WarFairy, the same designer that developed the Charon series of 3D-printable AR-15 lower receivers, has developed a new 3D-printable lower receiver. The lower stands out in a big way: it’s a bullpup design for use with bufferless uppers.
While there aren’t many upper receivers that don’t require a buffer assembly to function, there are a few out there including rimfire uppers and the Faxon ARAK-21, a non-standard centerfire upper that uses a gas piston system.
WarFary calls this the Hanuman series, and Hanuman is important because it showcases how 3D printing can be used to innovate and develop new firearm designs easily, affordably and quickly.
Like the Charon, the Hanuman is designed to be printed in sections and assembled and cemented together to complete the lower. WarFairy’s receivers are made in small sections to accommodate smaller hobbyist 3D printers. The Hanuman is designed to be printed with ABS plastic.
Because the design is modular it can be lengthened with buttpad extensions to adjust the length of pull. All of the sections are overbuilt for added strength.
The Hanuman comes with a warning. WarFairy considers the design to be a work in progress, saying “It is highly experimental. There is no safety. Sixteen-inch barreled uppers require [a] 3-inch pad to be used as displayed in renders for overall length legality. Print and fire at own risk.”
Federal law requires that rifles must measure in at 26 inches at a minimum, otherwise they are regulated as short-barreled rifles under the National Firearms Act.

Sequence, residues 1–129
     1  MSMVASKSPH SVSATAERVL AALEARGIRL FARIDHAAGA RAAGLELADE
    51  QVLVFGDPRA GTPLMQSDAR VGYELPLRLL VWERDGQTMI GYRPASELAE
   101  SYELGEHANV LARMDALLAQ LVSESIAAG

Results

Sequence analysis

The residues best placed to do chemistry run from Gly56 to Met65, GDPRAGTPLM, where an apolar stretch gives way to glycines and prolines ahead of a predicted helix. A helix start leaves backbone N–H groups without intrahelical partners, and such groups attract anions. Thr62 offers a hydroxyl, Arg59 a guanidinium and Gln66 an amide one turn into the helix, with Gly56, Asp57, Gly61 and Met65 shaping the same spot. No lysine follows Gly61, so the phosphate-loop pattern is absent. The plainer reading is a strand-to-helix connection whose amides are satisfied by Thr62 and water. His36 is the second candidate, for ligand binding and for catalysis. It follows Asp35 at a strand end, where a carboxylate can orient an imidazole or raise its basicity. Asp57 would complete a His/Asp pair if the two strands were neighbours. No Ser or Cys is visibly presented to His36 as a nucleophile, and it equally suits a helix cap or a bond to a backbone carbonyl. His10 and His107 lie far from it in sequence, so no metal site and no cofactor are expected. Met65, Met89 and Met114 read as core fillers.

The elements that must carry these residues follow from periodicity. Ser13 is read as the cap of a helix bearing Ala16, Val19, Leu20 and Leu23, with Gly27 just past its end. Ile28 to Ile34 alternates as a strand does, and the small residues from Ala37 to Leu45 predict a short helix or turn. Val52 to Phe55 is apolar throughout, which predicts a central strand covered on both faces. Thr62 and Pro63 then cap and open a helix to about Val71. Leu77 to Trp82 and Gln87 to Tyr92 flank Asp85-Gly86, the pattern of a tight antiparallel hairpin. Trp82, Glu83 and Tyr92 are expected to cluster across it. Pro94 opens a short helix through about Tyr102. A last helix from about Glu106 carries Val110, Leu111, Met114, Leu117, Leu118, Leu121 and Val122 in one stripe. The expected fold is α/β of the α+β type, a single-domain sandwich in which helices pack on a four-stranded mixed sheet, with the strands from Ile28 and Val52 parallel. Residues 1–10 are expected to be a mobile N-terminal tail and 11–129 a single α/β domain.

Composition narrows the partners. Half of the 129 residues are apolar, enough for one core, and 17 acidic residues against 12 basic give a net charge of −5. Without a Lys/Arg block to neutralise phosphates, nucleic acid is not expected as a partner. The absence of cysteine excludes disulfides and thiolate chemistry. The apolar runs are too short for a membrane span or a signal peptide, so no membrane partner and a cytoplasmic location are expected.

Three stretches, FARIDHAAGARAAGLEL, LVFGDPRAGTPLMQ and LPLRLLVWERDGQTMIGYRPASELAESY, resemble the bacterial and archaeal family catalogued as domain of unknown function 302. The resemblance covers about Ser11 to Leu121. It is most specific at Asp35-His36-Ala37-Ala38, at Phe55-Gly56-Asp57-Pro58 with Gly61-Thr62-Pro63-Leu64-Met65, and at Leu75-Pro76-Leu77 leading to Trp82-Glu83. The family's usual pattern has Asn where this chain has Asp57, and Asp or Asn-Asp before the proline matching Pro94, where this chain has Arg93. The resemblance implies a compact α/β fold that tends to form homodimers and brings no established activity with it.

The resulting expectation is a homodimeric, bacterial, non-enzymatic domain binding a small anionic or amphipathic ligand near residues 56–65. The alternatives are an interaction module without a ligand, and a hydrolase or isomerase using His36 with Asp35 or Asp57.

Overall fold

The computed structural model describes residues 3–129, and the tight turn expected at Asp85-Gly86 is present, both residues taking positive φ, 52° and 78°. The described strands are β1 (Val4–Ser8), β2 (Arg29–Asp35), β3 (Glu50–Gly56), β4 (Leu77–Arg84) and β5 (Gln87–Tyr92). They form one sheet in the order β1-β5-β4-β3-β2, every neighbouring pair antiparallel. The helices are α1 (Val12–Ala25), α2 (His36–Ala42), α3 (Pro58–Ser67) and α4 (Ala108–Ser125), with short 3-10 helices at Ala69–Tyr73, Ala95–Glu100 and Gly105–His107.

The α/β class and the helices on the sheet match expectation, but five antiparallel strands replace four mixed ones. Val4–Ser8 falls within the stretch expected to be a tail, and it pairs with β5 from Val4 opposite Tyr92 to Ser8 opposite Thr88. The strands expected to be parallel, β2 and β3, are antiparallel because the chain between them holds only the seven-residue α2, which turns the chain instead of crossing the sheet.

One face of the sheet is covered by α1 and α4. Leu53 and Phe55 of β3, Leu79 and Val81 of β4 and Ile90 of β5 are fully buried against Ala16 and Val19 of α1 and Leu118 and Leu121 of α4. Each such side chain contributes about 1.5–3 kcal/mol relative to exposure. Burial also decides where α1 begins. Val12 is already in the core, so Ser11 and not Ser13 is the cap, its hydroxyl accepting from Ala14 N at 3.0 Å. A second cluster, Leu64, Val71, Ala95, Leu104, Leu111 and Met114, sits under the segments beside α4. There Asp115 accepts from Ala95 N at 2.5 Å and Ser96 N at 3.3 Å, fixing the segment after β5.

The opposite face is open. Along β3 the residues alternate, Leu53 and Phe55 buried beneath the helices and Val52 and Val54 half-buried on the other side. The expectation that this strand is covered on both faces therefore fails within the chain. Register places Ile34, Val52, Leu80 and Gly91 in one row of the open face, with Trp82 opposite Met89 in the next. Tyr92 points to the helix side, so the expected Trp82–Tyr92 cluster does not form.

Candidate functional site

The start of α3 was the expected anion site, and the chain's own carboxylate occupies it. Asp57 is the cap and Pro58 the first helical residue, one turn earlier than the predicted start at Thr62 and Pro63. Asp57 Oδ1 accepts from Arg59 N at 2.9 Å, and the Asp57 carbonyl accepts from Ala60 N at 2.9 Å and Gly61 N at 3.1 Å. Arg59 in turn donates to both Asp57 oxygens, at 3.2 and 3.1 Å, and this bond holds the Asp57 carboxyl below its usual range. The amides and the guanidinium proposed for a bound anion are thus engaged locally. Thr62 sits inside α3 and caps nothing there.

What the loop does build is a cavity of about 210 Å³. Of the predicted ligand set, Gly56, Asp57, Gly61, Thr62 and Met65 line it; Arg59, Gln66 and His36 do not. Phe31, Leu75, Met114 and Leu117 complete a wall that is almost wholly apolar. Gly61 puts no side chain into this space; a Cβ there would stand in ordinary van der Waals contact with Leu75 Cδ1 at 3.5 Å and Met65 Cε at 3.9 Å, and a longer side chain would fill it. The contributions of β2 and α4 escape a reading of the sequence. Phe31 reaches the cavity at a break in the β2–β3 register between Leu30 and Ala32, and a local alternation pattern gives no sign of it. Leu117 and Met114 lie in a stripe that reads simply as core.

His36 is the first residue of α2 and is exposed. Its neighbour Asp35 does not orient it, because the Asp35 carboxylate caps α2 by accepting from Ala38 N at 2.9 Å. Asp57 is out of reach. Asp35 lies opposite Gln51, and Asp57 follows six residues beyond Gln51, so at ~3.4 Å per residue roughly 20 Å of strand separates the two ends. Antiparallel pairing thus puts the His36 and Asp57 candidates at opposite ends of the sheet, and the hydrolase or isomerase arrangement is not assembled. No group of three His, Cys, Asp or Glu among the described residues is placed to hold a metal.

Although the Hanuman has some limitations, notably that cheese-grater of a cheekpiece, they can be worked around. The flattop receiver can be covered with rail panels for comfort and optics can be easily lifted to a more natural height with risers.
The charging handle is going to be a bit harder to find a work-around for, but it’s not as if anyone’s going to use an at-home 3D-printed gun for anything other than a range toy.
The Faxon ARAK really is the perfect centerfire upper for the Hanuman lower. The big, easy reason is that it doesn’t use a buffer assembly. Its recoil system is entirely contained in the upper, above the bolt carrier. The ARAK is inspired in-part by the AK and uses a similar gas piston design.
Another great reason to use the ARAK-21 with the Hanuman is that it has a monolithic handguard. It’s generally not a great idea to mount an optic on a free-floating handguard as they can loosen, which is bad for any type of repeatable zero. With this upper you can mount a red dot or even a scope anywhere on the receiver without worrying about accuracy.
This is a far cry from the Liberator, the original 3D printed gun. The Hanuman, like the Charon before it, is intended to showcase what 3D printing is capable of, that it is a designer’s playground. For more details about the Hanuman project head over to the discussions on Reddit and DefCAD.
The world of home gunsmithing continues to grow every day thanks to developers like WarFairy. And that 3D printing is not going to go away.